## RSAT - Help about patser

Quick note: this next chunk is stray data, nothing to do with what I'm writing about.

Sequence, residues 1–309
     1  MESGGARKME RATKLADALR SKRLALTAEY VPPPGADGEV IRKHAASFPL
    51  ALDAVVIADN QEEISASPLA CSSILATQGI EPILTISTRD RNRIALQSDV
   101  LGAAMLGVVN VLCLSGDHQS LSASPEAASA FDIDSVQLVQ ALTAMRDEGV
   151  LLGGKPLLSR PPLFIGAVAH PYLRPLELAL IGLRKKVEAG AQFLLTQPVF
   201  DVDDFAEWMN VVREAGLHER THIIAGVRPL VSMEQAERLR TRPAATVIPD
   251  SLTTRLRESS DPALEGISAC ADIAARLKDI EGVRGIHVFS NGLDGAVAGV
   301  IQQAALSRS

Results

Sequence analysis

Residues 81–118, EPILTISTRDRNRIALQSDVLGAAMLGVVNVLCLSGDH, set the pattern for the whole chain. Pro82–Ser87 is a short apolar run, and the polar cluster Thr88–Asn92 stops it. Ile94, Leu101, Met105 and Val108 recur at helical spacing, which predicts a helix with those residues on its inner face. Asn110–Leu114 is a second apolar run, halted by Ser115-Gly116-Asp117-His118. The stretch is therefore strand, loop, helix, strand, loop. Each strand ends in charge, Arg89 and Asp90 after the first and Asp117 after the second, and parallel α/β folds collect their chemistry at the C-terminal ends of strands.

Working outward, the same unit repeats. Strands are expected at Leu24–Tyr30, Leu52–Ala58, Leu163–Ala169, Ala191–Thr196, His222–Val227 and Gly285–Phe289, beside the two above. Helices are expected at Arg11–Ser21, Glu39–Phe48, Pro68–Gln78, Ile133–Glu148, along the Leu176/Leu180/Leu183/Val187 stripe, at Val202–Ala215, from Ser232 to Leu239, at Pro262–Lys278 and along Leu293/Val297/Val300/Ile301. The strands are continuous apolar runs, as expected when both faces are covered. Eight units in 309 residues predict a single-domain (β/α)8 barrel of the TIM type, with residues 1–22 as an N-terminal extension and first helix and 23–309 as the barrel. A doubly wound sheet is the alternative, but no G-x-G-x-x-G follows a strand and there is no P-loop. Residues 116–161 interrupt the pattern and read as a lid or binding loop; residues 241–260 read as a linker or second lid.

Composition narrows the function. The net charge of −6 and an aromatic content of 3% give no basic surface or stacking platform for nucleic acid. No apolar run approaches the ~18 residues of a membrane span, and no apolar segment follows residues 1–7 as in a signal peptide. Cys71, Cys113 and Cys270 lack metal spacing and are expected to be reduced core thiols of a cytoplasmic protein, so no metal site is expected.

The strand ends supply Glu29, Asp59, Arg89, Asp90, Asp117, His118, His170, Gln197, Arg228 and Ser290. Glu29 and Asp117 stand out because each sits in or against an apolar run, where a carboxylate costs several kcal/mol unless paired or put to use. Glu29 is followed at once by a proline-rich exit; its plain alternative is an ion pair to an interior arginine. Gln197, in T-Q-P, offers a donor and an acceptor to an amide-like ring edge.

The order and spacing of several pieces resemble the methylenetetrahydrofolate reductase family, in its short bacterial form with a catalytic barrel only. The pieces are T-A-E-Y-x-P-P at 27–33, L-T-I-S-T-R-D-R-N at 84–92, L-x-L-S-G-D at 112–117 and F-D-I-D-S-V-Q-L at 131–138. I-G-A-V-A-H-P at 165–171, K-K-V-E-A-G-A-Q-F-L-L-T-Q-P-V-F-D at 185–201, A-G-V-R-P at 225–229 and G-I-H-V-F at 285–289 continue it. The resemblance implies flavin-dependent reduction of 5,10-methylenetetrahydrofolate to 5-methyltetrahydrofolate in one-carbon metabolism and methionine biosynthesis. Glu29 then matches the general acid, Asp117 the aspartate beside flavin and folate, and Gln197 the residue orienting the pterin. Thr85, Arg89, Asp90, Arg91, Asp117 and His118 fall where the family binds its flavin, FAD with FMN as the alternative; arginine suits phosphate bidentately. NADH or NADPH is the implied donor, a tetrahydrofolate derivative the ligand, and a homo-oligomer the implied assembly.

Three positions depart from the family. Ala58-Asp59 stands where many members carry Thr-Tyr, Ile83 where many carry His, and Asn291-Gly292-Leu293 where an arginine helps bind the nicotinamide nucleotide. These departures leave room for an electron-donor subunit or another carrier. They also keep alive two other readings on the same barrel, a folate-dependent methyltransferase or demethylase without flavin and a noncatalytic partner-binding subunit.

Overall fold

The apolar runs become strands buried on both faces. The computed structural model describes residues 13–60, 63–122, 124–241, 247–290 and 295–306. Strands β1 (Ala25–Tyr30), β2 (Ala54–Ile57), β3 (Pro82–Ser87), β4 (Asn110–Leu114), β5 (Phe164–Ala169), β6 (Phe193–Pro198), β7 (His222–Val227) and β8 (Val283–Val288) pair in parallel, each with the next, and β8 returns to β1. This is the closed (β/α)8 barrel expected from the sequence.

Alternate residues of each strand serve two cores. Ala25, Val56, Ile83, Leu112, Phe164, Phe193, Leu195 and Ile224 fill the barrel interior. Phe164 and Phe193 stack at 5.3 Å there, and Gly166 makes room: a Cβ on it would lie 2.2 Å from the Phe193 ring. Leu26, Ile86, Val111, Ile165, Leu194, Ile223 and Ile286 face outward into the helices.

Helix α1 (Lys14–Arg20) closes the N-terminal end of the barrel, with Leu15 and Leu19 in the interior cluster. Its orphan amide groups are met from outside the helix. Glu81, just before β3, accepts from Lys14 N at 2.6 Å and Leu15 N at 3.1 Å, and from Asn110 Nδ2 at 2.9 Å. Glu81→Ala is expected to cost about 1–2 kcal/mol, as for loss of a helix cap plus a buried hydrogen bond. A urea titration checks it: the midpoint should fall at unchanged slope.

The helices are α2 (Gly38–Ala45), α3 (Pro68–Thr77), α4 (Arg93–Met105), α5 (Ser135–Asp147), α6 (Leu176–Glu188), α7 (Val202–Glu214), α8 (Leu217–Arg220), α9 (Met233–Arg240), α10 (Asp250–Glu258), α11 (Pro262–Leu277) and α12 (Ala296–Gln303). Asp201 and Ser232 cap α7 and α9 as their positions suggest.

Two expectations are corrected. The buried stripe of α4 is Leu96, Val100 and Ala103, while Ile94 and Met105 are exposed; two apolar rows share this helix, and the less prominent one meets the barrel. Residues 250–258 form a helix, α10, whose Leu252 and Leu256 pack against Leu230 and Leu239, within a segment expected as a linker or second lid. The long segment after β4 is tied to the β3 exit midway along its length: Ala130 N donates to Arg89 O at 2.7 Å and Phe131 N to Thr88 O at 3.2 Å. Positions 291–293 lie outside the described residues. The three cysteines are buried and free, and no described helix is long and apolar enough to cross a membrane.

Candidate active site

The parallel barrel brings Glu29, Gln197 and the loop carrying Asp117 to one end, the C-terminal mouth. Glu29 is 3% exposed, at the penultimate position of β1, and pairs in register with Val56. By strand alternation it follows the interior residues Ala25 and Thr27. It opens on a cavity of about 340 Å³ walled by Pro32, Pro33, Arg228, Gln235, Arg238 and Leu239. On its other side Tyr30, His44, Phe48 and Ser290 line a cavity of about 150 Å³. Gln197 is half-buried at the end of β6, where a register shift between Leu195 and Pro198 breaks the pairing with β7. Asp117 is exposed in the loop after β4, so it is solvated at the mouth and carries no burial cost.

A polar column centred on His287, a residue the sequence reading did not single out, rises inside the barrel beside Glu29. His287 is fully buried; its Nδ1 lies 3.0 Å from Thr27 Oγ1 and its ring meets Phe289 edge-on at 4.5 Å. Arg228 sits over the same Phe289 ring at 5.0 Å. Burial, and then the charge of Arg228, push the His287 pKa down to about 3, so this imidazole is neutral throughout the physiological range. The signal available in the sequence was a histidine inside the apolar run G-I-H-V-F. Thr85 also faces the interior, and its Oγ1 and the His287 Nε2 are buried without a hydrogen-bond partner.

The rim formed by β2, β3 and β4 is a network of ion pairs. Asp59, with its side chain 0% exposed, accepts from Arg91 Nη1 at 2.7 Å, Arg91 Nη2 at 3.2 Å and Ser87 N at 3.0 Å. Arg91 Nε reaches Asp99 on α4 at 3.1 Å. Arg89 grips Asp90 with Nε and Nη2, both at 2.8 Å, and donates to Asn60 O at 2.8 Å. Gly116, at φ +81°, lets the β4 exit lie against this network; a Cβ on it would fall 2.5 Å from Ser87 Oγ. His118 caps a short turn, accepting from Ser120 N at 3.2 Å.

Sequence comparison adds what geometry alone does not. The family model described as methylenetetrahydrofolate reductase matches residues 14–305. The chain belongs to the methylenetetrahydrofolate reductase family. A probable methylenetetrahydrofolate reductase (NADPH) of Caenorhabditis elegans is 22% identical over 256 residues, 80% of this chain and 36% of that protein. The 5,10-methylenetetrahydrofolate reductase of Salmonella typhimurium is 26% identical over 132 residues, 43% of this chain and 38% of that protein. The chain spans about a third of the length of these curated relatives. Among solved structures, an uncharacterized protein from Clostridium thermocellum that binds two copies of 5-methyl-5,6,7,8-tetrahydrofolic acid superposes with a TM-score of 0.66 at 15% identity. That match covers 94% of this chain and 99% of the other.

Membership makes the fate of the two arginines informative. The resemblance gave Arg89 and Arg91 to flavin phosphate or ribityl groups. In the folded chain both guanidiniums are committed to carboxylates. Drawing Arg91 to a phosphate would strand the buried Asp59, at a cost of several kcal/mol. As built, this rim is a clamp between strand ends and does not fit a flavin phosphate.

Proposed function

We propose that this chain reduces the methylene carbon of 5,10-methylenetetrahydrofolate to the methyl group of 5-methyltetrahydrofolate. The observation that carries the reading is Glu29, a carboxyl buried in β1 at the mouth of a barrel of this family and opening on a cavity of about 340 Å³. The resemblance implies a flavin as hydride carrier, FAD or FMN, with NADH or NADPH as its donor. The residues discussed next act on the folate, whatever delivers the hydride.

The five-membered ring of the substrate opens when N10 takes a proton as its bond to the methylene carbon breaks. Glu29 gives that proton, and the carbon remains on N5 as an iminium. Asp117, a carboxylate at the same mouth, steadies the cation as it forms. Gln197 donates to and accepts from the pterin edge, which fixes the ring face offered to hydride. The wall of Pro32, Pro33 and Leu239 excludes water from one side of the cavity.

Copyright 1990, 1994, 1995, 1996, 2000, 2001 Gerald Z. Hertz May be copied for noncommercial purposes. Author: Gerald Z. Hertz hertz@colorado.edu PATSER (version 3d) This program scores the L-mers (subsequences of length L) of the indicated sequences against the indicated alignment or weight matrix. The elements of an alignment matrix are simply the number of times that the indicated letter is observed at the indicated position of a sequence alignment. Such elements must be processed before the matrix can be used to score an L-mer (e.g., Hertz and Stormo, 1999, Bioinformatics, 15:563-577). A weight matrix is a matrix whose elements are in a form considered appropriate for scoring an L-mer. Each element of an alignment matrix is converted to an element of a weight matrix by first adding pseudo-counts in proportion to the a priori probability of the corresponding letter (see option "-b" in section 1 below) and dividing by the total number of sequences plus the total number of pseudo-counts. The resulting frequency is normalized by the a priori probability for the corresponding letter. The final quotient is converted to an element of a weight matrix by taking its natural logarithm. The use of pseudo-counts here differs from previous versions of this program by being proportional to the a priori probability. Version 3 of this program differs from previous versions by also numerically estimating the p-value of the scores. The p-value calculated here is the probability of observing a particular score or higher at a particular sequence position and does NOT account for the total amount of sequence being scored. P-values are estimated by the method described in Staden, 1989, CABIOS, p. 89--96. The relative value for each element of the weight matrix is approximated by integers in a range determined by the "-R" and "-M" options (section 6 below). The p-value is calculated for each possible integer score and the values are stored. The actual scores for the sequences are determined from the true weight matrix. The true scores are converted to their corresponding integer values and their p-values are looked up. Matrices can be either horizontal or vertical. In a horizontal matrix, the columns correspond to the positions within the pattern, and the rows correspond to the letters. Each row begins with the corresponding letter (or integer, if the "-i" option is used). In a vertical matrix, the rows correspond to the positions within the pattern, and the columns correspond to the letters. The first row contains the letters (or integers, if the "-i" option is used) corresponding to each column. In both types of matrices, spaces, tabs, and vertical bars (|) are ignored. The output of the "consensus" and "wconsensus" programs consists of horizontal alignment matrices. The input files can contain comments according to the following convention. The portion of a line following a ';', '%', or '#' is considered a comment and is ignored. Comments can begin anywhere in a line and always end at the end of the line. The output of this program is sent to the standard output. The following options can be determined on the command line. 0) -h: print these directions. 1) Matrix options. -m filename: (default name is "matrix") file containing the matrix. -w: the matrix is a weight matrix (default: alignment matrix) -b number: a non-negative number indicating the total number of pseudo-counts added to each alignment position (default: 1). Before converting an alignment matrix to a weight matrix, the total pseudo-counts multiplied by the a priori probability (see section 3 below) of the corresponding letter is added to each matrix element. -v: the matrix is a vertical matrix (default: horizontal matrix). -p: print the weight matrix derived from the alignment matrix. 2) -f filename: this file (default: read from the standard input) contains the names of the sequences. The corresponding sequence may follow its name if the sequence is enclosed between backslashes (\). Otherwise, the sequence is assumed to be in a separate file having the indicated name. In the sequences, whitespace, slashes (/), periods, dashes (unless part of an integer when the "-i" option is used), and comments beginning with ';', '%', or '#' are ignored. When using letter characters (i.e., with the "-a" or "-A" alphabet option), integers are also ignored so that the sequence file can contain positional information. When using integer characters (i.e., with the "-i" alphabet option) the integers must be separated by whitespace. A "-c" preceding the name of a sequence file indicates that the corresponding sequence is circular. 3) Alphabet options---the three options in this section are mutually exclusive (default: "-a alphabet"). The a priori probabilities mentioned below are used when converting an alignment matrix to a weight matrix. -a filename: file containing the alphabet and normalization information. Each line contains a letter (a symbol in the alphabet) followed by an optional normalization number (default: 1.0). The normalization is based on the relative a priori probabilities of the letters. For nucleic acids, this might be be the genomic frequency of the bases or the frequencies observed in the data used to generate the alignment. In nucleic acid alphabets, a letter and its complement appear on the same line, separated by a colon (a letter can be its own complement, e.g. when using a dimer alphabet). Complementary letters may use the same normalization number. Only the standard 26 letters are permissible; however, when the "-CS" option is used, the alphabet is case sensitive so that a total of 52 different characters are possible. POSSIBLE LINE FORMATS WITHOUT COMPLEMENTARY LETTERS: letter letter normalization POSSIBLE LINE FORMATS WITH COMPLEMENTARY LETTERS: letter:complement letter:complement normalization letter:complement normalization:complement's_normalization -i filename: same as the "-a" option, except that the symbols of the alphabet are represented by integers rather than by letters. Any integer permitted by the machine is a permissible symbol. -A alphabet_and_normalization_information: same as "-a" option, except information appears on the command line (e.g., -A a:t 3 c:g 2). 4) Alphabet modifiers indicating whether ascii alphabets are case sensitive---the two options in this section are mutually exclusive with each other and with the "-i" option (default: ascii alphabets are case insensitive). -CS: ascii alphabets are case sensitive. -CM: ascii alphabets are case insensitive, but mark the location of lowercase letters by printing a line containing their locations. This option is useful when lowercase letters indicate a functional landmark such as a transcriptional start in a DNA sequence. 5) Options for adjusting or restricting which scores are printed. The "-ls", "-li", and "-lp" options are mutually exclusive. -c: also score the complementary sequences. The complements are determined by the program and are not explicitly stated in the sequence files. -ls number: lower threshold for printing scores, inclusive (formerly the -l option). -li: assume that the maximum ln(p-value) for printing scores equals the negative of the sample-size adjusted information content; indirectly determines the lower threshold for printing scores. -lp number: the maximum ln(p-value) for printing scores; indirectly determines the lower threshold for printing scores. -u number: upper threshold for printing scores, exclusive. -t: just print the top score for each sequence. -t number: print the indicated number of top scores for each sequence. -ds: if the "-t number" option is used, print the top scores for each sequence in the order of decreasing score (default: order the scores according to their position within the sequence). -e number: the small difference for considering 2 scores equal (default: 0.000001) 6) Options indicating how unrecognized symbols are treated (default: -d1). Symbols are letters when option "-a" or "-A" is used; symbols are integers when option "-i" is used. The following three options are mutually exclusive. -d0: treat unrecognized symbols as errors and exit the program. -d1: treat unrecognized symbols as discontinuities, but print a warning. Treating a symbol as a discontinuity means that any L-mer containing the unrecognized symbol will be ignored. -d2: treat unrecognized symbols as discontinuities, and print NO warning. 7) Options for adjusting the estimation of p-value. If the -R option is set to zero, the p-value is not estimated. -R number: the range for approximating a column of the weight matrix with integers (default: 10000). This number is the difference between the largest and smallest integers used to estimate the scores. Higher values increase precision, but will take longer to calculate the table of p-values. -M number: the minimum score for approximating p-values (default: 0). Higher values will increase precision, but may miss interesting scores.